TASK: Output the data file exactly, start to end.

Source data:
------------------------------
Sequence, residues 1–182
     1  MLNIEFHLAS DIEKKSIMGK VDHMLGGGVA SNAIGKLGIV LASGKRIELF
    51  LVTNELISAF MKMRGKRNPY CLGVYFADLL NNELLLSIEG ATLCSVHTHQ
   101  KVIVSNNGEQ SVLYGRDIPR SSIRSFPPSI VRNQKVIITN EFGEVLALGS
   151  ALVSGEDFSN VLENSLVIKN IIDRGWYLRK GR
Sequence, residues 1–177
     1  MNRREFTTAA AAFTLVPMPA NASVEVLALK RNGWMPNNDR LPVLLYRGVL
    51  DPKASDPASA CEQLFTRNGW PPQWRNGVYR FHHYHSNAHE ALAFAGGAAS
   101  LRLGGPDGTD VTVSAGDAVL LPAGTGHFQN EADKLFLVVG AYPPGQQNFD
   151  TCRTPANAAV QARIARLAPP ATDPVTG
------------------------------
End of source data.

Sequence, residues 1–182
     1  MLNIEFHLAS DIEKKSIMGK VDHMLGGGVA SNAIGKLGIV LASGKRIELF
    51  LVTNELISAF MKMRGKRNPY CLGVYFADLL NNELLLSIEG ATLCSVHTHQ
   101  KVIVSNNGEQ SVLYGRDIPR SSIRSFPPSI VRNQKVIITN EFGEVLALGS
   151  ALVSGEDFSN VLENSLVIKN IIDRGWYLRK GR
Sequence, residues 1–177
     1  MNRREFTTAA AAFTLVPMPA NASVEVLALK RNGWMPNNDR LPVLLYRGVL
    51  DPKASDPASA CEQLFTRNGW PPQWRNGVYR FHHYHSNAHE ALAFAGGAAS
   101  LRLGGPDGTD VTVSAGDAVL LPAGTGHFQN EADKLFLVVG AYPPGQQNFD
   151  TCRTPANAAV QARIARLAPP ATDPVTG